translated from Spanish: National Guard evict planting against Huexca thermoelectric planting

Agents of the National Guard evicted in the early morning the plant installed in San Pedro Apatlaco, municipality of Ayala, in Morelos, to reactivate the construction of the pipe that will connect the Wastewater Treatment Plant of Cuautla with the thermoelectric plant built in Huexca, Morelos. For four years, ejidatarios from Ayala and Tlaltizapán had been locking to prevent the construction of the work, which would allow the operations of the thermoelectric plant, part of the Integral Morelos Project (PIM) to begin. 
The uniforms were deployed after 2 a.m. and forced the 10 people at both points of the planton on both banks of the Cuautla River to leave the site. The seed was erected four years ago by environmental activists including Samir Flores, who was killed on February 20, 2019.
“Following the GN came the machines and workers to restart the work of the aqueduct and began to place sheet walls to avoid free transit and the right of defense and manifestation of those who are aggrieved by this megaproject,” the Peoples’ Front in Defense of Earth and Water said in a statement. 
Find out: Huexca says no to the consultation and thermoelectric plant; government boasts success of participation
The CFE, responsible for the thermoelectric plant, explained that the intervention of the National Guard came as strategic facilities, “for the purpose only of safeguarding the national heritage”. According to this statement, the operative was attended by the public fedariums Gerardo Cortina Mariscal, Notary Public No. 12 in Cuernavaca, Morelos and Jesús Toledo Saavedra, Notary Public No. 2 in Yautepec, Morelos and also president of the College of Notaries of the state of Morelos, “who attested that the events were carried out peacefully, since the 10 people who were on the floor agreed to retire voluntarily”.
Juan Carlos Flores, a lawyer at the Peoples’ Front in Defense of Earth and Water, explained that ejidos are gathered and that protests are likely to be provoked. 
“It is important to note that there is currently no legal impediment to the restart of the works or the start of operations of the generating power plant, as there is no order of judges to prevent it,” the CFE said in a statement. Two months ago, President Andrés Manuel López Obrador announced that work would be revived to launch the thermoelectric plant arguing that there are no longer any protections against it.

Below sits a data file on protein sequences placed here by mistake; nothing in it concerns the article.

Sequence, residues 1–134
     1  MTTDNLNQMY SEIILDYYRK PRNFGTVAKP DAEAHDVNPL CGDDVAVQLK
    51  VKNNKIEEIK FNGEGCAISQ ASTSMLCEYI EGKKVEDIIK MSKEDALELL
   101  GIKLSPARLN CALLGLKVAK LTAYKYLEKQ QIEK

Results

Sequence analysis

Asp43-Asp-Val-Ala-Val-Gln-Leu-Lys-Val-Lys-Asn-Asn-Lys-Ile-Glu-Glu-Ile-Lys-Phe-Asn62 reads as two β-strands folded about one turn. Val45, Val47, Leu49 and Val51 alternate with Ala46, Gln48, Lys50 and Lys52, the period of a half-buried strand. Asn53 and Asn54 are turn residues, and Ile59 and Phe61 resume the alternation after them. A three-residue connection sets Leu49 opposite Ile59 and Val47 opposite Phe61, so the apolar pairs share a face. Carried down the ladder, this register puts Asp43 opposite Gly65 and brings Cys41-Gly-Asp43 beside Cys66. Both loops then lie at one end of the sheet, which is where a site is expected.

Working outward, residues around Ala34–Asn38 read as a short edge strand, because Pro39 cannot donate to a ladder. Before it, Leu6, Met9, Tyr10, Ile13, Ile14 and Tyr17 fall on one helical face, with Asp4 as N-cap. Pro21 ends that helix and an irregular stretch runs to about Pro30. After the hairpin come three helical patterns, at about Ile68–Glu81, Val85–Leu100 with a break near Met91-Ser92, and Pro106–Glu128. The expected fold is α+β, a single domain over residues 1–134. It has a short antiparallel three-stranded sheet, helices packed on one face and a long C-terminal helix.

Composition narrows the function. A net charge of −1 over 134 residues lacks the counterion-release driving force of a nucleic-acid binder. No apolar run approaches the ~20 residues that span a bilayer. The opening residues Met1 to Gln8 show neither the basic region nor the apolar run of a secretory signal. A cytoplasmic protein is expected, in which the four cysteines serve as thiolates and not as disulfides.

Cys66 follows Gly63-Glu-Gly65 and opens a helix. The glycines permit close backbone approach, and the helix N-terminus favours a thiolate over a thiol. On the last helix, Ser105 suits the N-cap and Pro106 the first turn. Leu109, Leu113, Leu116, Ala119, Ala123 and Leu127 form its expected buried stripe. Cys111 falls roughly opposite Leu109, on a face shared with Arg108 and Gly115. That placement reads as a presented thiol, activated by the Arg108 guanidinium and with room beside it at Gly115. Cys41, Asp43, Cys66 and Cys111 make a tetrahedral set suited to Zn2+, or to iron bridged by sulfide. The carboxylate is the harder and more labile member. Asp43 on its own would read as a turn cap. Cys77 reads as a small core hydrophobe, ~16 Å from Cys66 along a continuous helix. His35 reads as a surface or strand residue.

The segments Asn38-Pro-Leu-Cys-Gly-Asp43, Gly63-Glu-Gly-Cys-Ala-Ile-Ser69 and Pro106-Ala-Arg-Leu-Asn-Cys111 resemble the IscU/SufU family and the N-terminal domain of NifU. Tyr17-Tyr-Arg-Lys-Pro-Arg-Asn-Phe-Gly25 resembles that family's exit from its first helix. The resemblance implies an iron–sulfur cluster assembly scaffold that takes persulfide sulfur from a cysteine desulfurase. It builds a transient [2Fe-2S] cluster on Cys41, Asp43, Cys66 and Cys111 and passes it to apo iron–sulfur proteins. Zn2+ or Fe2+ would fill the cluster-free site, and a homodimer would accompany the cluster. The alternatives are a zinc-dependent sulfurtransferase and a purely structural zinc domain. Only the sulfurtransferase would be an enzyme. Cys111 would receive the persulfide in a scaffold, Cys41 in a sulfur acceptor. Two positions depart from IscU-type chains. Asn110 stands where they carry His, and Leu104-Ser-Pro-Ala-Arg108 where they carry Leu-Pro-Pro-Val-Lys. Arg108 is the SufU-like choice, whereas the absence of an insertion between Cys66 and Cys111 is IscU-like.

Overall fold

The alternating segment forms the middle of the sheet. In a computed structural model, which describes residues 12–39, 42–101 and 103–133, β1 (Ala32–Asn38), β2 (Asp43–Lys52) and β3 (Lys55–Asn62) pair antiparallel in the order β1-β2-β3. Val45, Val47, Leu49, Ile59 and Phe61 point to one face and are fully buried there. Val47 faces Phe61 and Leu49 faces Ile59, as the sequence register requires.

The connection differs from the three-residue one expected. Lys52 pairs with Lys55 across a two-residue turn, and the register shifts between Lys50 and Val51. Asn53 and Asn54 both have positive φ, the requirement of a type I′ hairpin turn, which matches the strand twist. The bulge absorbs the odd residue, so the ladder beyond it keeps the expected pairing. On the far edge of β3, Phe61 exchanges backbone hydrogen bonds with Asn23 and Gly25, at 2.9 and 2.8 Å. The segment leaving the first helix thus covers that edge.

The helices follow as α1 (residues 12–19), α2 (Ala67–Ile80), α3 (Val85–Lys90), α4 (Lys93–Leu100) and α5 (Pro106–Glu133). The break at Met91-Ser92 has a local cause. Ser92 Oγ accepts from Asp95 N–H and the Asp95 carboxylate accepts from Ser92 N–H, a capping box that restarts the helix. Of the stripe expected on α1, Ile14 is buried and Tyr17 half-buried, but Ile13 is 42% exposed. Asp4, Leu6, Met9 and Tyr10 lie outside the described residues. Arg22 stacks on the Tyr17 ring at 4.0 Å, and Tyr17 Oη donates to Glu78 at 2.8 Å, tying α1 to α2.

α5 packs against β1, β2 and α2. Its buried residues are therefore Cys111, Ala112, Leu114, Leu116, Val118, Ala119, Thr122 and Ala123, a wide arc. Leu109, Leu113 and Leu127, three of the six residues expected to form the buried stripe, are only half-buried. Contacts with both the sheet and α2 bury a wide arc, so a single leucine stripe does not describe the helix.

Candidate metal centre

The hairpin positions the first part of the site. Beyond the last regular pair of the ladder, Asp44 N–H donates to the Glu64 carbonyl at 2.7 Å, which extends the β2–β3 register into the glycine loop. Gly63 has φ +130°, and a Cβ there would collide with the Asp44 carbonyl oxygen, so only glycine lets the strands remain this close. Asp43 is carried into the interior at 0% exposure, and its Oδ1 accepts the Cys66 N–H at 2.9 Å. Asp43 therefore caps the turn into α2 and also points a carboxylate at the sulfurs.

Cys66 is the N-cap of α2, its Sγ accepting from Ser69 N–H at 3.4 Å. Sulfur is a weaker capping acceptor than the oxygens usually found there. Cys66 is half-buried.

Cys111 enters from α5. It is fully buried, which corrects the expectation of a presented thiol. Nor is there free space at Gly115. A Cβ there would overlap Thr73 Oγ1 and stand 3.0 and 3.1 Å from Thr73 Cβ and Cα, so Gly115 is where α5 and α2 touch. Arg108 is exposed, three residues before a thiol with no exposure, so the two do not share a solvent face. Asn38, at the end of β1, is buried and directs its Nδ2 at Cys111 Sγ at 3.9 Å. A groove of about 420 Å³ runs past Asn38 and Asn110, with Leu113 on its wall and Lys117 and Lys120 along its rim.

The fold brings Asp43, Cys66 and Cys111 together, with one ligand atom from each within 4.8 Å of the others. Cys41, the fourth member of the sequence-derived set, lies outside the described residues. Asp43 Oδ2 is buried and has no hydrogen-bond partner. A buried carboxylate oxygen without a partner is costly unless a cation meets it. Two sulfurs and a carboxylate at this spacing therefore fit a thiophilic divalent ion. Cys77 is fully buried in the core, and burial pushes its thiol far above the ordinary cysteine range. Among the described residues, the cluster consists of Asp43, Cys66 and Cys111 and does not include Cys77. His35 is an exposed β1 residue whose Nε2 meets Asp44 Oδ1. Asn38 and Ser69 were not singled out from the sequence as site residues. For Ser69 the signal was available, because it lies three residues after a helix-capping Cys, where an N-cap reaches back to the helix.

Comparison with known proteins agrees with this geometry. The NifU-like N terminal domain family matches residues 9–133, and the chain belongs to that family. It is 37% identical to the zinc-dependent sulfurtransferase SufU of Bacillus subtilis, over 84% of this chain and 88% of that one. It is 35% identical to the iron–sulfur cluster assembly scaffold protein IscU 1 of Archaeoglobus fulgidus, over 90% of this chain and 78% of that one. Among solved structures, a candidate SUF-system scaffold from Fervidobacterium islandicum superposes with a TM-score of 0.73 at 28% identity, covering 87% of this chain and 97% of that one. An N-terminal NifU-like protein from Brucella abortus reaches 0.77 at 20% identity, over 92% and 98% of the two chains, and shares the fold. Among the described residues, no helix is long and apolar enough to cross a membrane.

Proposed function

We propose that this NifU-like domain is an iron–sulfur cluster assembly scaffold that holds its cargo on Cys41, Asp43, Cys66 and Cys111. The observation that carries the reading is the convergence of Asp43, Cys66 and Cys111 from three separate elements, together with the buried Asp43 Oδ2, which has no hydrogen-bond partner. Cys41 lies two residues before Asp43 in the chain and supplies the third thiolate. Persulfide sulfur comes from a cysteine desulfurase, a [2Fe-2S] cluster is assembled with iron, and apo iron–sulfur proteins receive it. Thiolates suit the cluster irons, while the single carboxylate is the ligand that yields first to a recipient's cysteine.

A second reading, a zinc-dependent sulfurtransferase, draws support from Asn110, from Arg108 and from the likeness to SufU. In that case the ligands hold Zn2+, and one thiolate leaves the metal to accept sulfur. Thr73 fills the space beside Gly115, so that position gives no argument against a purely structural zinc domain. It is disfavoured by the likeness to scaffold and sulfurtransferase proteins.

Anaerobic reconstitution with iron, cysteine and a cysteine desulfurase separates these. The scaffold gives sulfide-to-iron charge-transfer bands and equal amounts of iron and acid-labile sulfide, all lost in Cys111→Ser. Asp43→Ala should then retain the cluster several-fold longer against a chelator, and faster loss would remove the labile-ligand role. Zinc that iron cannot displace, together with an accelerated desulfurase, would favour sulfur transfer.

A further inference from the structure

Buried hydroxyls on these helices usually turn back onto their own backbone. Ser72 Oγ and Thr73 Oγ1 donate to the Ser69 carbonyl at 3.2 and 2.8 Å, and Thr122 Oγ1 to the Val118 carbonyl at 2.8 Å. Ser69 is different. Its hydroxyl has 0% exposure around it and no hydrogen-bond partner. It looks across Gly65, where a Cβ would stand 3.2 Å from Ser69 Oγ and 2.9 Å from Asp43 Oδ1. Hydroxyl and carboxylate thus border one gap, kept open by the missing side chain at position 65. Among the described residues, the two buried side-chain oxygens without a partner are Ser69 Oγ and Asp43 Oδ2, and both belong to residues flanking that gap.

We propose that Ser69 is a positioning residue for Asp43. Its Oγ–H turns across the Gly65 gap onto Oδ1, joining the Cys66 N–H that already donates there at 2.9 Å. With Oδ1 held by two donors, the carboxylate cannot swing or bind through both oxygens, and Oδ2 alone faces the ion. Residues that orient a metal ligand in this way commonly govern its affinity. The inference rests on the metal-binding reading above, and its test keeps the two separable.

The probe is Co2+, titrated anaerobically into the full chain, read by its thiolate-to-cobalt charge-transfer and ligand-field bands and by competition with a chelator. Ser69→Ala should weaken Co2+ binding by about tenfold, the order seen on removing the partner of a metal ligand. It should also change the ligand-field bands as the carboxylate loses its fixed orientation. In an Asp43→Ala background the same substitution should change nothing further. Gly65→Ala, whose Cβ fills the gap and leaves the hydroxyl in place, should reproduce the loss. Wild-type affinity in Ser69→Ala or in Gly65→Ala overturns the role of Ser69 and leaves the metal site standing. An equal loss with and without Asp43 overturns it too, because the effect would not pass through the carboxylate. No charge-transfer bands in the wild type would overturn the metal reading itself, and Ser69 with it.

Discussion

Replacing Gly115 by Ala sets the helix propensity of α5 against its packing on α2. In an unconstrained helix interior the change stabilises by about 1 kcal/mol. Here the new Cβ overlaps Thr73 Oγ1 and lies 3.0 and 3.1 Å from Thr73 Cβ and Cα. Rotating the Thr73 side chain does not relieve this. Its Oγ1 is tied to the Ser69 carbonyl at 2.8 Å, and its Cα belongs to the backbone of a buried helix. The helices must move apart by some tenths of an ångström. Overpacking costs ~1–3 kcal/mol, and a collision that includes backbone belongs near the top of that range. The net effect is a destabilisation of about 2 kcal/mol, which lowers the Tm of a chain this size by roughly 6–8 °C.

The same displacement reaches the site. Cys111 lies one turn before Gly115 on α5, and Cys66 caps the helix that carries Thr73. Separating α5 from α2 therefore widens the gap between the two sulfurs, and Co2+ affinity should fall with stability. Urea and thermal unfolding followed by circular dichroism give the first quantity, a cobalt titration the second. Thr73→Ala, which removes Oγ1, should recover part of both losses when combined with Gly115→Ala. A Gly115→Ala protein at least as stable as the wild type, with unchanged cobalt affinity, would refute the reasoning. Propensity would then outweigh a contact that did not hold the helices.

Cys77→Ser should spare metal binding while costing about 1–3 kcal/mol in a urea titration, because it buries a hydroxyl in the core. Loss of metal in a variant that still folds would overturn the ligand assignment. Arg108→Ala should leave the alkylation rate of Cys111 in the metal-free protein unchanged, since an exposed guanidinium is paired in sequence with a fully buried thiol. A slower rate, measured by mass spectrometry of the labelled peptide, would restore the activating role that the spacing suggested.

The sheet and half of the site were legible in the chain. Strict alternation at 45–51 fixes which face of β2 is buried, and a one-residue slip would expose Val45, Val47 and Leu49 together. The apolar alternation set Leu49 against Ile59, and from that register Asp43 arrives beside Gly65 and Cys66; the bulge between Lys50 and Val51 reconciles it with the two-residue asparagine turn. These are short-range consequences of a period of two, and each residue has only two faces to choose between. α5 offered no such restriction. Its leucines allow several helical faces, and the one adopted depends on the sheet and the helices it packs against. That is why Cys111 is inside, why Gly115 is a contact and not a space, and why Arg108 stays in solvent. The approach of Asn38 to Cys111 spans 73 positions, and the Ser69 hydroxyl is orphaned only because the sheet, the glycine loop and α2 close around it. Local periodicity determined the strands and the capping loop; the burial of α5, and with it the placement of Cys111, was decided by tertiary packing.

The Manuel Bartlett-led institution further argued that the project gained community support in the February consultation. That vote took place just two days after the murder of Samir Flores and the communities most affected by the installation of the thermoelectric plant did not participate. In addition, the CFE claimed to have signed an agreement with 26 ejidos and nine small properties, members of the Association of Users of the Cuautla River (ASURCO). Animal Politics requested a copy of this document, but the CFE stated that it is “not public” and that it is also not intended to advertise it. 
Read: Won no in Huexca, but YES in the region
Opponents of the project reject the government version. Lawyer Juan Carlos Flores, of the Front of Peoples in Defense of the Land and Water Morelos, Puebla, Tlaxcala, assured that there are 19 protections presented by various ejidos. Of these, according to Flores, 9 have suspension over water use and do not allow the flow of water from the Cuautla River to be reduced. “The protections are still in force,” Flores insisted. 
The Morelos Integral Project is a plan consisting of two thermoelectric plants located in the municipality of Huexca, a 160-kilometer-long pipeline that runs between 60 communities in the states of Morelos, Tlaxcala and Puebla, and a 12-kilometre aqueduct between the municipalities of Ayala and Huexca, Morelos. 
Activists who oppose the project argue that the project has been imposed without giving a choice to a consultation that respects the parameters of ILO Convention 169, which regulates the right to consultation of indigenous peoples. They warn about the health and environmental risks of implementing infrastructure. 
The CFE, for its part, ensures that the project meets all legal requirements. “If this work were not carried out, the CFE power plant, which cost 25 billion pesos, built with money from the Mexican people, would become scrap metal,” he said. 
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Original source in Spanish

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